from Rx and Engineering were having some sort of ceremony. Maybe a
couple of Ensigns were making Lt(jg) or something. After our muster
was done we got an evil idea. Myself and another guy (Muskrat?) went
upwind of this formation and silently squeezed a couple off. We even
walked back and forth for better dispersion. (See, we learned
something in HTFF!) Just then we looked at the "yellow
gear" behind the officers. Did you ever see the "Kilroy
Was Here" drawing? There must have been about 15 M Div guys
peering over around and under the yellow gear. We hastily joined
At first nothing happened. Then slowly you could
see the "fog" drifting through the ranks. At first an
officer would start twitching a little. Then he would lower his head
and start shaking it violently. (Reminded me of the gas chamber in
boot camp.) Finally pandemonium broke out. The officers started
blaming one another. Then one of them spies all the "Kilroys"
behind the yellow gear. He points and yells, "It's M
Division!" We quickly beat feet for the enginerooms. The whole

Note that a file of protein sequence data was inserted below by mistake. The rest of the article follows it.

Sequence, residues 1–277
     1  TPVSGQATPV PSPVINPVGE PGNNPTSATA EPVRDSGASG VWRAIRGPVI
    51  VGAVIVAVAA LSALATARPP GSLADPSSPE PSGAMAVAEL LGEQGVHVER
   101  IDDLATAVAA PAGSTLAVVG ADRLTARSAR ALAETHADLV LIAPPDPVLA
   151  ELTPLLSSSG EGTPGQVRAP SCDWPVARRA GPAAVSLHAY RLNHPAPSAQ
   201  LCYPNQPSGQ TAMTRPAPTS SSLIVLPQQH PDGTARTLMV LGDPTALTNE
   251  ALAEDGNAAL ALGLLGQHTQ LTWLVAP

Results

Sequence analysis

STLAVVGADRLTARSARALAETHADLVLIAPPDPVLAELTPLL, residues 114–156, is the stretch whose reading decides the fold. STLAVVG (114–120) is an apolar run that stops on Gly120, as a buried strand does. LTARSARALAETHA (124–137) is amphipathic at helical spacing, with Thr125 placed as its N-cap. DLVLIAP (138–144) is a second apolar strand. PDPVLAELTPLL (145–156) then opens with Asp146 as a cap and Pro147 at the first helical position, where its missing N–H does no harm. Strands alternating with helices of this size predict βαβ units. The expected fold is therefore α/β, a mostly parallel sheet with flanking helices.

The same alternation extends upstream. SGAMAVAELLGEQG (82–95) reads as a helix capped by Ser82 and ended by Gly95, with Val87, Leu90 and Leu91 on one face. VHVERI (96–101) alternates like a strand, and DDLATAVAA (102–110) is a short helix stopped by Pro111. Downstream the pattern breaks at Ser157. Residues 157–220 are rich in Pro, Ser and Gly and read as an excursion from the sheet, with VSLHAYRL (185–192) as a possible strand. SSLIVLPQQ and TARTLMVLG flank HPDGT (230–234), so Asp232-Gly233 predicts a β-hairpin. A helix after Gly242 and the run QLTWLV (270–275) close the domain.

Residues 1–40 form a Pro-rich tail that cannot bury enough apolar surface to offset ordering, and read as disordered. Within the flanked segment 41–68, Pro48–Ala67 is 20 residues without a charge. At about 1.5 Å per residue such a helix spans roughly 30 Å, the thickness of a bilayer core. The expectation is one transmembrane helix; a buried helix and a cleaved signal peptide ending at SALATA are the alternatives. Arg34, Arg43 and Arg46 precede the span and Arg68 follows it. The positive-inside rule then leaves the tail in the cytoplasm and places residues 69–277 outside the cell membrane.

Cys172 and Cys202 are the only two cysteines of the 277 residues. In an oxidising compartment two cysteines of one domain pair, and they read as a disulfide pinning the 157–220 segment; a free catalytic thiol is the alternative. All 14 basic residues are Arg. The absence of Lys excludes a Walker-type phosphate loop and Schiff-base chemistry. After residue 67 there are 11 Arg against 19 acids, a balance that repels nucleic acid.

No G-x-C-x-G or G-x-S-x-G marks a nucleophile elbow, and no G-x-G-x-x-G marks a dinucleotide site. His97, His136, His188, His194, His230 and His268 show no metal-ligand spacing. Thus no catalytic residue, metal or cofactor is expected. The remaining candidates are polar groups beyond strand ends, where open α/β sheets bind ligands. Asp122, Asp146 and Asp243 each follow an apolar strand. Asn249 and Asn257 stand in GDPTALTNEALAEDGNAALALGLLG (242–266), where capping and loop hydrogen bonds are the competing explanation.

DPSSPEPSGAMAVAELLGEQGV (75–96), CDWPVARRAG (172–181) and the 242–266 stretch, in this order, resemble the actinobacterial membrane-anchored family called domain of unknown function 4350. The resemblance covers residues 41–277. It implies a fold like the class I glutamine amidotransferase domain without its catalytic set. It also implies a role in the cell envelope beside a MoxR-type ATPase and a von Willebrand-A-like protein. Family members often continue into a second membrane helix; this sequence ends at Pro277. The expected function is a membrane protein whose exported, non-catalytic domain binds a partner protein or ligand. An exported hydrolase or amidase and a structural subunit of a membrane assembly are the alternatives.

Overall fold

thing had us laughing the rest of the morning.
Puppy Love ....
I saw an old posting about street vendors in
O-town selling puppies. Jack B., an RL Div contemporary, wrote this
poem during the 78 cruise:
There's a puppy here for sale,
With a cute and curly tail.
You can eat him on a stick,
With a sauce so nice and thick.
It makes you kind of sick,
but what the heck.
|Ed Duhamel Comes
Please add me to the contact list.
Ed Duhamel, RM-14 & RM-3, 1976 - 1981; firstname.lastname@example.org
Andy Comes Aboard?
KP, Great website! I was wondering if you still sell shirts?
|Not sure if you
wanted to be listed (if so please send dates and last